Tuesday, December 30, 2014

Black men face police violence north of the border too

Originally Posted on: ricochetmedia.ca
December 30, 2014

No doubt the names Michael Brown and Eric Garner ring a bell for people who follow current events. Both men were murdered by police in the United States, with grand juries declining to indict the officers responsible.

These displays of police impunity led to widespread protest throughout North America. Indeed, outrage north of the border led several thousand Torontonians to loudly demonstrate outside the U.S. consulate to denounce the Michael Brown verdict.

But what about Jermaine Carby?

Likely most Canadians have not heard of this young man’s untimely death, though his murder by Peel Regional Police parallels the better known case of Michael Brown in Ferguson, Missouri. The response to the deaths of local, unarmed black men such as Carby has not been comparable to the outrage and mobilization triggered by incidents south of the border. This needs to change now.

The death of Jermaine Carby

On the night of Sep. 24, Jermaine Carby was shot and killed by Peel police during a traffic stop in Brampton, Ontario. Carby was riding in a black Jetta that was pulled over near Queen and Kennedy. Within moments the officer had activated an emergency switch, calling for backup.

Eyewitnesses reported that Carby exited the car with his hands up, in what can only be assumed to be an attempt to show the police officers that he was unarmed and not a threat. As one eyewitness stated to CP24, “He had his hands up… saying ‘What?’ to the cops and he started walking towards them.” She added, “As I drove by, I didn’t get to look back but I just heard gunshots, like five gun shots.” It has also been reported that Carby’s lifeless body was handcuffed by police.

Richard Applebee, another eyewitness who spoke to CP24, heard police tell Carby to drop a knife but did not see a weapon in Carby’s hands. “He walked slowly towards them with both arms stretched,” Applebee remarked. “I was too far to see a knife. It might have been small.”

To date, the officer involved in the shooting has not been named, and information on the shooting has been scarce. Carby’s family and their legal counsel have asked for any evidence revealing that Carby was armed at the time of his death, as well as the identity of the driver of the vehicle and the driver’s current whereabouts, but these requests for information have been repeatedly denied.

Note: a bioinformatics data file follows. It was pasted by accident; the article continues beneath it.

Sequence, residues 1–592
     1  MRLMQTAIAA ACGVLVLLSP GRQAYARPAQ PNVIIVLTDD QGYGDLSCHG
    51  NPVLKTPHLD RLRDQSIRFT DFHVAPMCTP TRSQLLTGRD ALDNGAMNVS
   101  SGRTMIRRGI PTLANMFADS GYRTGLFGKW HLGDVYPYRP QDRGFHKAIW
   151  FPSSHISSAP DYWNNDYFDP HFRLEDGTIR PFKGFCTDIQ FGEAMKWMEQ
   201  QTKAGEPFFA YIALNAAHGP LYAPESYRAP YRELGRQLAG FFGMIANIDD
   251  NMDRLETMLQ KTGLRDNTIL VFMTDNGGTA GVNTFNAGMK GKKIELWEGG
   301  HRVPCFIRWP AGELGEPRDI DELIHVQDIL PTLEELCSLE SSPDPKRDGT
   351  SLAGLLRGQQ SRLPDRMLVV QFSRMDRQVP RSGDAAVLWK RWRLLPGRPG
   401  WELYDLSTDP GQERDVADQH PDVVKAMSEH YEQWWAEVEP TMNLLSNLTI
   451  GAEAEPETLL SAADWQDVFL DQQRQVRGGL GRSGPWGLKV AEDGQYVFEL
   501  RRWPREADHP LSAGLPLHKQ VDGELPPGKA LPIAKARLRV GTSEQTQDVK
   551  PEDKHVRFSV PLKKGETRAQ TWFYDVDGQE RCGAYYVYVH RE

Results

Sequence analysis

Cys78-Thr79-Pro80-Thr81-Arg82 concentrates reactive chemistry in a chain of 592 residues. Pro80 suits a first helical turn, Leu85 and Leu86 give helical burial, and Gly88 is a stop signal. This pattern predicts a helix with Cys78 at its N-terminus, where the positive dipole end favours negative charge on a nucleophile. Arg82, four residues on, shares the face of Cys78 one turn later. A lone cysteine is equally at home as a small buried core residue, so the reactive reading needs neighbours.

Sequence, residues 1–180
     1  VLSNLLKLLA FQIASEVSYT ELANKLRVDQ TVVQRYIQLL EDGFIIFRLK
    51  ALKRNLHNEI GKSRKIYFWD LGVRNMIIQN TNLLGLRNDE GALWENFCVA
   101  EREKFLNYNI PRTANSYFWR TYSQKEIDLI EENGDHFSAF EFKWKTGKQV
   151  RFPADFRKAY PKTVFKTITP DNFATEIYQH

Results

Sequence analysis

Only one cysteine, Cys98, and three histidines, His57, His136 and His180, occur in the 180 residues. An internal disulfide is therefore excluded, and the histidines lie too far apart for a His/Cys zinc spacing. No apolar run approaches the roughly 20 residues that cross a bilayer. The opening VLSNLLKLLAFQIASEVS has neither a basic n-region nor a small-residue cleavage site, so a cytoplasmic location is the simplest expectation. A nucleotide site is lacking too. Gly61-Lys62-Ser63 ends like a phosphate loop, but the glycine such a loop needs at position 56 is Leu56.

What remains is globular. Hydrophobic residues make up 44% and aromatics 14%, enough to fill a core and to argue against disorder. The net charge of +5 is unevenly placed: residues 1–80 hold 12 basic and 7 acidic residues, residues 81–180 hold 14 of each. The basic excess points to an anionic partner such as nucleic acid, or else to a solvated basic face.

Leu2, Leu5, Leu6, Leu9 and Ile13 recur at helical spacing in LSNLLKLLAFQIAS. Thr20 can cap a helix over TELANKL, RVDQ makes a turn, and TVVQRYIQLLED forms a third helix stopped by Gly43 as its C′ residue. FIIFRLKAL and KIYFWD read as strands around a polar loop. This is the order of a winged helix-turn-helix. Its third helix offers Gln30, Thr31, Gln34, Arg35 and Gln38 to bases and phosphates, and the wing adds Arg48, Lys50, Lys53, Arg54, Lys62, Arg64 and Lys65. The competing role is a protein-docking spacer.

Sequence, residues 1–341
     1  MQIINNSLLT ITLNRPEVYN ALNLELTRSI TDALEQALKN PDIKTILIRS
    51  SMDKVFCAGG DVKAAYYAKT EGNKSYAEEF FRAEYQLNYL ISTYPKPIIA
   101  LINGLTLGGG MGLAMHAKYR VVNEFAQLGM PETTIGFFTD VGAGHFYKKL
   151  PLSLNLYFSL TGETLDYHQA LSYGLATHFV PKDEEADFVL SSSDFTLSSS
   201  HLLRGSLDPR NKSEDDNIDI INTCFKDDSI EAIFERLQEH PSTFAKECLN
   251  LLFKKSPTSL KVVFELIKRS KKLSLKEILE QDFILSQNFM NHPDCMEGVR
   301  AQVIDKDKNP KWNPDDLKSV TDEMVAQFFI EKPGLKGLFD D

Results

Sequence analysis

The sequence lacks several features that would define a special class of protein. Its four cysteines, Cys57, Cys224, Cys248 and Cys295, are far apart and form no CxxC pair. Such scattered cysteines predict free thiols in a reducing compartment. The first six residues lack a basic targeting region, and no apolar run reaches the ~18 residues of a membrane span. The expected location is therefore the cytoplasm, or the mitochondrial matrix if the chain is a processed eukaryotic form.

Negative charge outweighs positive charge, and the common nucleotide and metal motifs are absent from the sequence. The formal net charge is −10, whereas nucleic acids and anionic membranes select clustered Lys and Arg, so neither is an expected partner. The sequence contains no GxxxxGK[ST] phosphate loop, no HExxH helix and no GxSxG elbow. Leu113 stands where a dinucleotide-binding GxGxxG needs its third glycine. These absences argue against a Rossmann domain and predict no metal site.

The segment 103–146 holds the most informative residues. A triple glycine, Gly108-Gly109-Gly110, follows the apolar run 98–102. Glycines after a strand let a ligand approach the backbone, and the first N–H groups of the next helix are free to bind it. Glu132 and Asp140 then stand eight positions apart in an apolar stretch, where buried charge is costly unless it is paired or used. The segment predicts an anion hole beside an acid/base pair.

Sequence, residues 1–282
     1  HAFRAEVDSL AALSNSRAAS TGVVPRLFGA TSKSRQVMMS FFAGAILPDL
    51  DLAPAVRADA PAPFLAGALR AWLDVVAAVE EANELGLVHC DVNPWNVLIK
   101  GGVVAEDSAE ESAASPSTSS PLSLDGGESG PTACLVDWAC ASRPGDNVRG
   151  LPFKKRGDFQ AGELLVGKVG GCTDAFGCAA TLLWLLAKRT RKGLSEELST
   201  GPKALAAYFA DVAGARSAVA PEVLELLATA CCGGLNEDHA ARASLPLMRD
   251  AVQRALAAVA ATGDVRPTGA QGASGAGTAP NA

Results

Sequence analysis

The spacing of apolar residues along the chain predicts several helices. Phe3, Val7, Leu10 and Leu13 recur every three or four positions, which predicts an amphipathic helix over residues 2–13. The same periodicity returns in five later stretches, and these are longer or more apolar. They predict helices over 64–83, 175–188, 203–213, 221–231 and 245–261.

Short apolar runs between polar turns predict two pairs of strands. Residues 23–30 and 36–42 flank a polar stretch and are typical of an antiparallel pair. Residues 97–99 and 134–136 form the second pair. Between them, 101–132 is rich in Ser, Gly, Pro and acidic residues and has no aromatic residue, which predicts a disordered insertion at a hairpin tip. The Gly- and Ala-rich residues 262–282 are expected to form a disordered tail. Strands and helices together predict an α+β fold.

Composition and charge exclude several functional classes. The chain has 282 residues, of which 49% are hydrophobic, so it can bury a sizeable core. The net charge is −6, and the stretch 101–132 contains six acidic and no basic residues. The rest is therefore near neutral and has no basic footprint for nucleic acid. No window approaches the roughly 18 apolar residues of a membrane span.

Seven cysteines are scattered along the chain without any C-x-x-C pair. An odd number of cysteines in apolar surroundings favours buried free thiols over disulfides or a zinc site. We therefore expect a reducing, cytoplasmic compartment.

In another parallel to the case of Michael Brown, instead of focusing on releasing information pertaining to the case, the media have released Jermaine Carby was posthumously subjected to a slew of negative information about Carby’s his past in an attempt to justify the actions of the officers.
But at the time of Carby’s interaction with the police, his identity was unknown; he died as a “John Doe” at the hospital. He was a young black man who was murdered by the Peel police.

Civilian oversight requires civilians

In Ontario, the Special Investigations Unit becomes active in incidents where the police are involved in the death of a civilian. Led by Paul Dempsey, the SIU was immediately called to the scene of Carby’s death.

Established in 1990 as an arm’s-length criminal investigative agency tasked with investigating alleged police misconduct in Ontario, the SIU is intended to be a civilian agency on paper, but in reality is staffed largely by former police officers and judges, who have proven to be incredibly reluctant to press charges in cases related to deaths, assaults and sexual assaults carried out by police. In 2010, the Toronto Star wrote that “Ontario's criminal justice system heavily favours police and gives officers breaks at every turn — from the SIU, which hardly ever charges officers, to prosecutors, juries and judges.”